England Gets Serious About Global Warming
by Jim Motavalli
According to the prestigious journal Nature, 2004 was the fourth-
warmest year on record. And January 2005 was the second-warmest
January of the past 27 years, says the Earth System Science Center at
the University of Alabama.
Despite evidence like this, climate change has yet to make it onto
the radar screens of most Americans. The opposite is true in England,
where the science is hotly debated. In the Daily Express newspaper,
for instance, David Bellamy, a much-beloved figure in Britain for his
TV shows about plants and other natural phenomena, recently weighed
in with a treatise. He claimed that global warming is a lot of hot
air, but even if it was true the increase in carbon dioxide would
simply be good for plant growth. Bellamy had apparently missed a 2002
article in the respected journal Science, which concluded
that "elevated atmospheric carbon dioxide (CO2) actually reduces
[emphasis added] plant growth when combined with other likely
consequences of climate changenamely, higher temperatures, increased
precipitation or increased nitrogen deposits in the soil."
But Bellamy is definitely in the minority in England, a country that
is fast recognizing its responsibility to do something about global
warming. Last September, Prime Minister Tony Blair made a major
speech on the subject, pointing out that the 10 warmest years on
record have all been since 1990, and that the planet has experienced
the most drastic temperature rise in more than 1,000 years in the
northern hemisphere. "Glaciers are melting," he said. "Sea ice and
snow cover is declining. Animals and plants are responding to an
earlier spring. Sea levels are rising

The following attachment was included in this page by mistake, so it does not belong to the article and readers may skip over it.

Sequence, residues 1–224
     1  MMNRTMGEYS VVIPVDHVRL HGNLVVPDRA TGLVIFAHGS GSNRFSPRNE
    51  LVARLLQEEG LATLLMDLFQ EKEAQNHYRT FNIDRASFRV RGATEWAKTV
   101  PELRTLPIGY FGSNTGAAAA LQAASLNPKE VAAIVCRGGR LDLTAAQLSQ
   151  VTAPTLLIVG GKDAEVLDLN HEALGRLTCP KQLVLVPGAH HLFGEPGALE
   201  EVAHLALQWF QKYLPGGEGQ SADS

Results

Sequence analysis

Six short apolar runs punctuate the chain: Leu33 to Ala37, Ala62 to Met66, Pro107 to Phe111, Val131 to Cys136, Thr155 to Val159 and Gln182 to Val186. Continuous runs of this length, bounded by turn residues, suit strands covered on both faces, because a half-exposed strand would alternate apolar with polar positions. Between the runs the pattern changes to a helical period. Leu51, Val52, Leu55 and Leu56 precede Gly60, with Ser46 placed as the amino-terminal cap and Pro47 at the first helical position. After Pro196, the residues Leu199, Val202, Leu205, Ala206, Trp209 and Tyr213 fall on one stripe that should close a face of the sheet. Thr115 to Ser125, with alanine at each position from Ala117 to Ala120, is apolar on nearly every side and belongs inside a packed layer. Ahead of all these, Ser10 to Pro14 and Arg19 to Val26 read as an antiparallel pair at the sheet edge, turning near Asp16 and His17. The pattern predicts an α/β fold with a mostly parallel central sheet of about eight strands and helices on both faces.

Apart from a diminishing
handful of skeptics, there is a virtual worldwide scientific
consensus on the scope of the problem."
Unlike the U.S., which refuses to sign the treaty, England is on
target to meet its Kyoto goals, thanks to a determined carbon
reduction effort underway on the federal and municipal level. Typical
of the commitment is Allan Jones, the new head of the London Climate
Change Agency. Jones came to London after achieving revolutionary
change in Woking, a city of 100,000 people. With combined heat and
power (CHP) cogeneration systems and solar energy (10 percent of
Great Britain's installed capacity), Woking has reduced its energy
use by 48 percent since 1990, which means 5.4 million pounds of CO2
kept out of the atmosphere. The city is now nearly 90 percent
independent of the grid, with its own energy services company.
Woking's reductions will be scaled up for Greater London, which has
7.2 million people. Nicky Gavron, the city's deputy mayor, is
confident that this world capital can reach the ambitious goal of a
20 percent reduction in CO2 emissions by 2010. It doesn't have much
choice, she adds, since rising tides are an imminent threat. "The
Thames Barrier, built to close against rare storm surges, has been
forced to shut 19 times in a month," she says. "With rising tides we
would lose most of South London, The City [London's Wall Street] and
the tube [subway]."
London is addressing its transportation-based emissions with a £5
($9) "congestion charge" for vehicles entering the city. Imposed in
2003 by London Mayor Ken Livingstone, the scheme has already reduced
traffic delays by 30 percent. An estimated 18 percent reduction has
been achieved on traffic entering the zone. Bus ridership is up.
Although some taxi drivers are sour on Livingstone as "anti-car," 70
percent of businesses (initially the biggest opponents of congestion